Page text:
The New York – New Jersey Bombings Illustrate Why Donald Trump Will Win

By Onan Coca – Re-Bloggd From

In 2004 President George W. Bush ran a hard-fought reelection campaign against a popular, if doofy, Democrat opponent John Kerry. For all of his faults, Kerry was far more well-liked and far less scandal plagued than today’s Democrat candidate. Bush was able to eke out a reelection victory mostly on the shoulders of his decisive reaction to the 9/11 tragedy.

In fact, the 2004 election made the phrase “security moms” famous, as the once known “soccer mom” had suddenly awakened to our dangerous new world where Islamic terrorism was the reality and her “mama bear” instincts had taken over. The “security mom” knew she had to do all she could to care for her loved ones, and that now meant using her vote to keep them safe.

Fast forward 12 years to the 2016 presidential election and the new generation of “security moms” will soon be playing a pivotal role (again) in another national election. The 2016 version of these security minded voters seem to be preparing to hand the presidency to GOP candidate Donald Trump, and the events of this past weekend explain why.

On Saturday morning a pipe bomb exploded just before the start of a 5k fun run in Seaside Park, New Jersey. The event was called off and authorities swept the area finding two more unexploded devices. Later that night, a pressure cooker bomb exploded in Manhattan’s Chelsea neighborhood, injuring 29 people and sending the city into a panic. Shortly after the explosion authorities swept the surrounding neighborhood and found another unexploded device a few blocks away.

Come Sunday morning, liberals and their friends in the media were busy condemning Donald Trump’s comments about the explosions being “bombs” and about the likelihood that we were witnessing a terrorist act. Trump’s opponents were practically hyperventilating about his “rash” response and his “haste” to judgment, all while arguing that there was “no evidence” of a connection to Islam or to terrorist organizations.

Then late Sunday evening authorities arrested five “persons of interest” around the same time that 5 more bombs were being discovered in an Elizabeth, New Jersey train station.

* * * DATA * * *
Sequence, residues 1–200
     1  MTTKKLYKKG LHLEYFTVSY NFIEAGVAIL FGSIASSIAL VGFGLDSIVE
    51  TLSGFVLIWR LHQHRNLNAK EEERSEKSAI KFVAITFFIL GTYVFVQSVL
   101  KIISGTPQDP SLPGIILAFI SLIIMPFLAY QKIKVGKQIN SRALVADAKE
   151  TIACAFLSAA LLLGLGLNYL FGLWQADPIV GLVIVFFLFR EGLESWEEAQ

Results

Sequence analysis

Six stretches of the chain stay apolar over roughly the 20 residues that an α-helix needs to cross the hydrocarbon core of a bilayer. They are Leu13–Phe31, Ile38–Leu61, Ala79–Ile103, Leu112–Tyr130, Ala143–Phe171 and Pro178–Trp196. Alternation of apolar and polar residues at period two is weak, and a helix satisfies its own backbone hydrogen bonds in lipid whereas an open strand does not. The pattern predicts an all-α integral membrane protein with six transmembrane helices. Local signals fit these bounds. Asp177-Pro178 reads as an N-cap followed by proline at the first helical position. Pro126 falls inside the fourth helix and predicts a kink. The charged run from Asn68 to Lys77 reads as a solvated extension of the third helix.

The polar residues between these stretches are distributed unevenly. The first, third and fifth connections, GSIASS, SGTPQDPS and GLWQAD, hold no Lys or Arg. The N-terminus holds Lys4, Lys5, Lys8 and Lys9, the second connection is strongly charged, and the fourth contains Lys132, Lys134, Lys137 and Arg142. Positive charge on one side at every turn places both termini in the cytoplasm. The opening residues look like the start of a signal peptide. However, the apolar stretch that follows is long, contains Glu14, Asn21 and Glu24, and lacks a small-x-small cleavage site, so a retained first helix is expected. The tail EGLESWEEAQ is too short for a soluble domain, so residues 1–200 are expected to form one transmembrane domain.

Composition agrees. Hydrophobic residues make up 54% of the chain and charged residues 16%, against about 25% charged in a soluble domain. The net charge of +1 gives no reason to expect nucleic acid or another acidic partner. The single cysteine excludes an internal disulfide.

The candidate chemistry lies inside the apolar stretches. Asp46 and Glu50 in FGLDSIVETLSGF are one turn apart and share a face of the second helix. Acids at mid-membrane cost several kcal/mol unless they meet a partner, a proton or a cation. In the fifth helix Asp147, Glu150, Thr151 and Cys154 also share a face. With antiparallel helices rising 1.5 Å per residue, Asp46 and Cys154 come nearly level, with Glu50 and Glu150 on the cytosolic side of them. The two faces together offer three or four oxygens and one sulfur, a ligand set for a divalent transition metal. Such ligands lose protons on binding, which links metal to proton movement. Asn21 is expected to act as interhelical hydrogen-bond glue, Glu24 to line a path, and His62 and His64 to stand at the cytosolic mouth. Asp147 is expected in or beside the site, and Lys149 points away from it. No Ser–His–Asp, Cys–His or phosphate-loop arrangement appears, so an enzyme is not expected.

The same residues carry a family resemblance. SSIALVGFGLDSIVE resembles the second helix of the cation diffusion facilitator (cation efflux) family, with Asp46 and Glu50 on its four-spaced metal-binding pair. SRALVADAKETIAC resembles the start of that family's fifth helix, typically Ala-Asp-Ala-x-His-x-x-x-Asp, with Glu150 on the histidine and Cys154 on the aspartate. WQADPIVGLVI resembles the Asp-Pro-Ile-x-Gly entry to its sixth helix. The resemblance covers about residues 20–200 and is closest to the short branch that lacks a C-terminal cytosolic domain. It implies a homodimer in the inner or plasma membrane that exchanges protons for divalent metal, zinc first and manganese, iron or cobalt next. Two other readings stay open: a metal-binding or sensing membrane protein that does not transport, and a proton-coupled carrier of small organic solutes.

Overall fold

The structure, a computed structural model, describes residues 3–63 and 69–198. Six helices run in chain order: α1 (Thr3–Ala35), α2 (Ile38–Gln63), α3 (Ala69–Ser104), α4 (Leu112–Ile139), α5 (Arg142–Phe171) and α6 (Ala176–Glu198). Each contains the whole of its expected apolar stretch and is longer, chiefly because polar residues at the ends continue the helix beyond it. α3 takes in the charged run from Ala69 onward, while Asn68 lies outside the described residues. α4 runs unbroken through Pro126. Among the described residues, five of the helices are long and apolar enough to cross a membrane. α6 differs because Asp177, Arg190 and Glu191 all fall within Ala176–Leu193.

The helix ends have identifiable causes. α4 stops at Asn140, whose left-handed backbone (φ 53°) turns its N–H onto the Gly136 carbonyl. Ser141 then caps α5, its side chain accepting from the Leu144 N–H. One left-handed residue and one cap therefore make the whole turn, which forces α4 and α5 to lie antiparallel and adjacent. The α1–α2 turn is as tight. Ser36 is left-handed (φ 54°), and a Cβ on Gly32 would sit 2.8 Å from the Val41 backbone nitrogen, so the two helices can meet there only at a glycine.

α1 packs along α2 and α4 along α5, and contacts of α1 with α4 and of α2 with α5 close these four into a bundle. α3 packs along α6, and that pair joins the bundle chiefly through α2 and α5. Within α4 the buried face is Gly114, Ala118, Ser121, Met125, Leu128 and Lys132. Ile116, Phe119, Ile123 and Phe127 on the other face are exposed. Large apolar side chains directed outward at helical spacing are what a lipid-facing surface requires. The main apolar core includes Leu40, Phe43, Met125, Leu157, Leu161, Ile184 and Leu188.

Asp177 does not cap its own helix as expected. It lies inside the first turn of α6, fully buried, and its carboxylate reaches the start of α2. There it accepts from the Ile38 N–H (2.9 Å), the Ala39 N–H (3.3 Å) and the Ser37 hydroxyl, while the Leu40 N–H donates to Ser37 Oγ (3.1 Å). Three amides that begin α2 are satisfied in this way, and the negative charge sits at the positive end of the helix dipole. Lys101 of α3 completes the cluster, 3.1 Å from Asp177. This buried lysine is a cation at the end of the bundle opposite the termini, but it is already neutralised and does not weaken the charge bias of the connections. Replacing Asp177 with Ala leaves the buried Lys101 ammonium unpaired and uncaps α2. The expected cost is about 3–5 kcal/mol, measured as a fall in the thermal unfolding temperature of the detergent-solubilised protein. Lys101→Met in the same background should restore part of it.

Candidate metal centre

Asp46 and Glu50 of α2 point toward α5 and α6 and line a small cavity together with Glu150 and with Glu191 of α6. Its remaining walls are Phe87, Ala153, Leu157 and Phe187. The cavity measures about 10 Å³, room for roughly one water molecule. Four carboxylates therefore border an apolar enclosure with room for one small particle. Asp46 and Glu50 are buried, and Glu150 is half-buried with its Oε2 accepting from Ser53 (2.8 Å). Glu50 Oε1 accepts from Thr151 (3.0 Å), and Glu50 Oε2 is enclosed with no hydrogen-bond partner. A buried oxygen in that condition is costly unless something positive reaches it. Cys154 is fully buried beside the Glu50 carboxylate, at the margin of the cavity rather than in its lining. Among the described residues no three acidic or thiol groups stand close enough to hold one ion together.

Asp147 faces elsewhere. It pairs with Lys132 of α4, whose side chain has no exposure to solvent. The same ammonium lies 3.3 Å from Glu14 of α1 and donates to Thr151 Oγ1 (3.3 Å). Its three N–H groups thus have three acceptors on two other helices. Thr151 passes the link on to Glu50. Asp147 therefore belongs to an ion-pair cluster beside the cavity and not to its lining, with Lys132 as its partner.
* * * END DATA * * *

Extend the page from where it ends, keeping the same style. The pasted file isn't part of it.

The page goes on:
By early Monday morning police had captured Ahmad Khan Rahami, a naturalized American citizen of Afghani descent, who was living in Elizabeth, New Jersey. Rahami, it turns out, was a “known wolf” with ties to international Muslim terrorism. By the time the East Coast was waking up, liberals were beginning to realize that Donald Trump had been right all along…

Consider New York City Mayor Bill de Blasio’s comments on Sunday:

Absent a motivation, Mr. de Blasio suggested the word terrorism should not be used, shaking his head in disapproval at the notion that the basic facts of the bombing could be described that way.

“Here is what we know: It was intentional, it was a violent act, it was certainly a criminal act, it was a bombing — that’s what we know,” he said on Sunday, flanked by law enforcement officials at Police Headquarters in Lower Manhattan. “To understand there were any specific motivations, political motivations, any connection to an organization — that’s what we don’t know.”

The liberal reticence at calling terrorism terrorism never ceases to amaze me. It’s as though de Blasio believes that if you say the word terrorism you automatically mean that a Muslim person has carried out a violent act. Taking his own words – “It was intentional, it was a violent act, it was certainly a criminal act, it was a bombing…” this is the very definition of terrorism. It’s an act meant to incite a reaction. The only reason anyone would ever set off a bomb without some other concurring criminal act (like using a bomb to rob a bank), would be for terroristic purposes. Yet, de Blasio couldn’t bring himself to use the word and instead just described the act of terrorism to reporters. Even New York’s liberal Governor Andrew Cuomo (D-NY), who was slow to call the act terrorism on Saturday, had changed his tune by Sunday. “A bomb exploding in New York is obviously an act of terrorism. A bomb going off is generically a terrorist activity.”

But by Monday de Blasio’s tune finally changed.

“We have reason to believe this was an act of terror,” New York Mayor Bill de Blasio said.

A-duh. Here’s a newsflash, Bill… every other thinking person in America has already come to this conclusion. Thanks for joining us.

Meanwhile, while de Blasio was busy dissembling, Hillary Clinton was busy using the terrorism to attack Donald Trump for being too hard on terrorism. I kid you not. Clinton’s argument is that Donald Trump’s mean words are going to make the terrorists dislike us even more, so they’re going to do more terroristy things.

“I don’t want to speculate but here’s what we know about I think it is important for voters to hear this and weigh it in making their choice in November,” Clinton said. “We know that a lot of the rhetoric used by Donald Trump is being seized upon by terrorists.